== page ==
Numbers show that our efforts are going in the right direction: since phase 1, the number of women in the NCCR TransCure management committee and in the pool of PIs has increased from 14% to 22% and from 13% to 26%, respectively. I am pleased to highlight our latest hire of Wanda Kukulski as Professor Extraordinaria at the University of Bern. She is an internationally recognised expert in cryogenic electron microscopy of cellular structures and joined the network as a PI in May 2020.
Besides encouraging women to apply for positions in the NCCR TransCure, gender equality measures encompass career pathway lectures, tailored soft-skills courses, young scientist awards, mentoring, and activities for children and school classes. For fellows with children, who are the main caregiver and do not fulfil the SNSF Flexibility Grant criteria, we offer a grant of CHF 500 per child and month. Moreover, we put special effort into gender balance in the symposia and conferences we organise and also sponsor female speakers at partner events.
Indeed, congresses are often dominated by male speakers. What do you say to those claiming that they do not know suitable female colleagues to invite?
If you cannot find suitable women, search harder! I encourage colleagues to use helpful platforms such as www.academia-net.org to find female speakers (and female candidates for professorships). To facilitate the search and prevent “YAMMM” (Yet Another Mostly Male Meeting), the NCCR TransCure Director, Hugues Abriel, together with Sharona Gordon (University of Washington in Seattle, USA), recently launched the website “Women Plus in Biophysics” (https://womenplusinbiophysics.org/). This website serves as a database of female speakers based all over the world in the field of membrane transporters, ion channels or membrane biology. Whether you are a scientist, an educator, a journalist, or a policy maker, you can search the database and find female scientists with the expertise you are looking for.
The NCCR TransCure is approaching its end (October 2022). What do you personally want to achieve in the field of gender equality by the time the finish line is crossed?
I hope to raise awareness of gender equality with all members of the NCCR TransCure. Gender equality will not happen by itself and we should all put time and energy into helping to fix this issue. Our work will not end in October 2022 and I hope to motivate all my colleagues to support gender equality beyond the NCCR TransCure. The energy that younger fellows put into this also gives me hope. Do not forget to read Paulina’s contribution below!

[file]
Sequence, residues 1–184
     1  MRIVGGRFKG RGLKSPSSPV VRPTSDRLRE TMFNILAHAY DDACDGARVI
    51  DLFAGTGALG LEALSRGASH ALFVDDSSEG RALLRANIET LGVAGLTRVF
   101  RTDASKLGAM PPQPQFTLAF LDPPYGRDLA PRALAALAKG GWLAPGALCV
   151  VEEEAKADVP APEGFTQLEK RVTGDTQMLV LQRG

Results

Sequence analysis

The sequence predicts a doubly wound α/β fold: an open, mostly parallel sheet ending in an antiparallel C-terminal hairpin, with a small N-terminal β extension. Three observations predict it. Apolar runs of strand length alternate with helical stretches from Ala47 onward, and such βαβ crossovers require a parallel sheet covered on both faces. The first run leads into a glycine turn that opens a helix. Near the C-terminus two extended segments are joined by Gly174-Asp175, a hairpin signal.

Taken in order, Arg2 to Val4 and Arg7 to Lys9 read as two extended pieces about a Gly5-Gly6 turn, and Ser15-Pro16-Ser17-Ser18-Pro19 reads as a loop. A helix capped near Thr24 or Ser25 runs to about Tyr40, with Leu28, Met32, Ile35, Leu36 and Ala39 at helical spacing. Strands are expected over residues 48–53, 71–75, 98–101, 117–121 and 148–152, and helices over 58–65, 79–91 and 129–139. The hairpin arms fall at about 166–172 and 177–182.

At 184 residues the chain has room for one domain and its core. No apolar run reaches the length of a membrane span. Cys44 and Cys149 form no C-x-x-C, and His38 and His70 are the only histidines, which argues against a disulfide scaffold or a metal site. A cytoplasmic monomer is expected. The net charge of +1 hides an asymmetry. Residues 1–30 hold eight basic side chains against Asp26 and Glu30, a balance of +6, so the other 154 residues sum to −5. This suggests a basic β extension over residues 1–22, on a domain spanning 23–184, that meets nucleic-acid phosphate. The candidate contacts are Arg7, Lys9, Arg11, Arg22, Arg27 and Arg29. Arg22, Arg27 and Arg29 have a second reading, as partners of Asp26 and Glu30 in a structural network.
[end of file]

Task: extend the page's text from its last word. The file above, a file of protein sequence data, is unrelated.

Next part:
NCCR TransCure PI, Co-Director ad interim, Gender Equality Delegate
Paulina Stockłosa, a fresh graduate in the Peinelt group at the University of Bern, is continuing her studies as a postdoctoral researcher. Here, she provides her opinion about the current challenges of female candidates aiming for a professorial career.
As a recent PhD graduate and current postdoctoral researcher, I would like to emphasise the importance of hiring more women at faculty level. The number of female professors has a strong impact on encouraging young female scientists, both at PhD and postdoctoral level, to pursue an academic career and prevent the so-called ‘leaky pipeline’. More female role models, particularly women with children, can make a huge difference in whether a female PhD student takes the next big step along the tenure track. To the eyes of a young female scientist, a low number of female professors with children suggests that tenure-track faculty careers are not family friendly. Female role models prove that succeeding as a professor with a family is possible. It is the responsibility of a university to create a positive environment for female scientists. What is the best way to encourage female candidates to purse an academic career? Hiring more women would be a strong signal of a positive environment. For these reasons, implementing measures such as fixing certain quotas to increase the number of women in academic leadership positions will have a beneficial effect in the future. It is also worth emphasising the role of mentors. Not only can the number of women at faculty level encourage young women to pursue an academic career, but also how they are advised and mentored. Career pathway lectures or soft-skills courses obviously help in this respect. However, to eliminate conscious and unconscious gender bias it is still of the utmost important that male professors become gender-sensitive leaders, familiar with issues that women might face during their academic career.